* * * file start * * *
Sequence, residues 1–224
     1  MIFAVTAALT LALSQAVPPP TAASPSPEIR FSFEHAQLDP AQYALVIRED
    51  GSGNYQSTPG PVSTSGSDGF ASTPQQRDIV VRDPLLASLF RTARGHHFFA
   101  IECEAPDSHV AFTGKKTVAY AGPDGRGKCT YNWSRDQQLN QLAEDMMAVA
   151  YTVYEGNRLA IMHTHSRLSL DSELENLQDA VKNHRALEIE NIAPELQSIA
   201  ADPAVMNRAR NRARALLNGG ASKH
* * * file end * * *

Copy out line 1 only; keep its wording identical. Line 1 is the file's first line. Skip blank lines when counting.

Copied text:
Sequence, residues 1–224